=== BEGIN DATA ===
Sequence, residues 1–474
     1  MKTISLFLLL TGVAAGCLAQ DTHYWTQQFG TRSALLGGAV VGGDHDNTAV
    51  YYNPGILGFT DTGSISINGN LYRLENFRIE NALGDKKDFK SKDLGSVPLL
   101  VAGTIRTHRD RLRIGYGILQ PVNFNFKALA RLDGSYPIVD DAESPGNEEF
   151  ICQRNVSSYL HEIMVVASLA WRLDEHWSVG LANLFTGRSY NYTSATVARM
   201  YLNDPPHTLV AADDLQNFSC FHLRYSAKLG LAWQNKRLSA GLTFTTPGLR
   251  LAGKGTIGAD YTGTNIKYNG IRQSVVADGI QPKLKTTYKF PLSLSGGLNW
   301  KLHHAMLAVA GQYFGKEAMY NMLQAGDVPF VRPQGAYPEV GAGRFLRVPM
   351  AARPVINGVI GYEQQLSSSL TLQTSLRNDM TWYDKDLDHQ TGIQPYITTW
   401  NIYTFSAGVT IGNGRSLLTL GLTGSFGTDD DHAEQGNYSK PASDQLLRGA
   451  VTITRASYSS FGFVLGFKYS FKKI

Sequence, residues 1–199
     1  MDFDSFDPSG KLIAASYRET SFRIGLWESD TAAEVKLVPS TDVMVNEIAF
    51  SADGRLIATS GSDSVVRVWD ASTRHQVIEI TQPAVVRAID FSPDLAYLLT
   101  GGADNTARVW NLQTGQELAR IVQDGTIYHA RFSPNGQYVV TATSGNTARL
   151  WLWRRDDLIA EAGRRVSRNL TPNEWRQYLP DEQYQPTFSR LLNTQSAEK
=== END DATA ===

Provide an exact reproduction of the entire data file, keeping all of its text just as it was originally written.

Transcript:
Sequence, residues 1–474
     1  MKTISLFLLL TGVAAGCLAQ DTHYWTQQFG TRSALLGGAV VGGDHDNTAV
    51  YYNPGILGFT DTGSISINGN LYRLENFRIE NALGDKKDFK SKDLGSVPLL
   101  VAGTIRTHRD RLRIGYGILQ PVNFNFKALA RLDGSYPIVD DAESPGNEEF
   151  ICQRNVSSYL HEIMVVASLA WRLDEHWSVG LANLFTGRSY NYTSATVARM
   201  YLNDPPHTLV AADDLQNFSC FHLRYSAKLG LAWQNKRLSA GLTFTTPGLR
   251  LAGKGTIGAD YTGTNIKYNG IRQSVVADGI QPKLKTTYKF PLSLSGGLNW
   301  KLHHAMLAVA GQYFGKEAMY NMLQAGDVPF VRPQGAYPEV GAGRFLRVPM
   351  AARPVINGVI GYEQQLSSSL TLQTSLRNDM TWYDKDLDHQ TGIQPYITTW
   401  NIYTFSAGVT IGNGRSLLTL GLTGSFGTDD DHAEQGNYSK PASDQLLRGA
   451  VTITRASYSS FGFVLGFKYS FKKI

Sequence, residues 1–199
     1  MDFDSFDPSG KLIAASYRET SFRIGLWESD TAAEVKLVPS TDVMVNEIAF
    51  SADGRLIATS GSDSVVRVWD ASTRHQVIEI TQPAVVRAID FSPDLAYLLT
   101  GGADNTARVW NLQTGQELAR IVQDGTIYHA RFSPNGQYVV TATSGNTARL
   151  WLWRRDDLIA EAGRRVSRNL TPNEWRQYLP DEQYQPTFSR LLNTQSAEK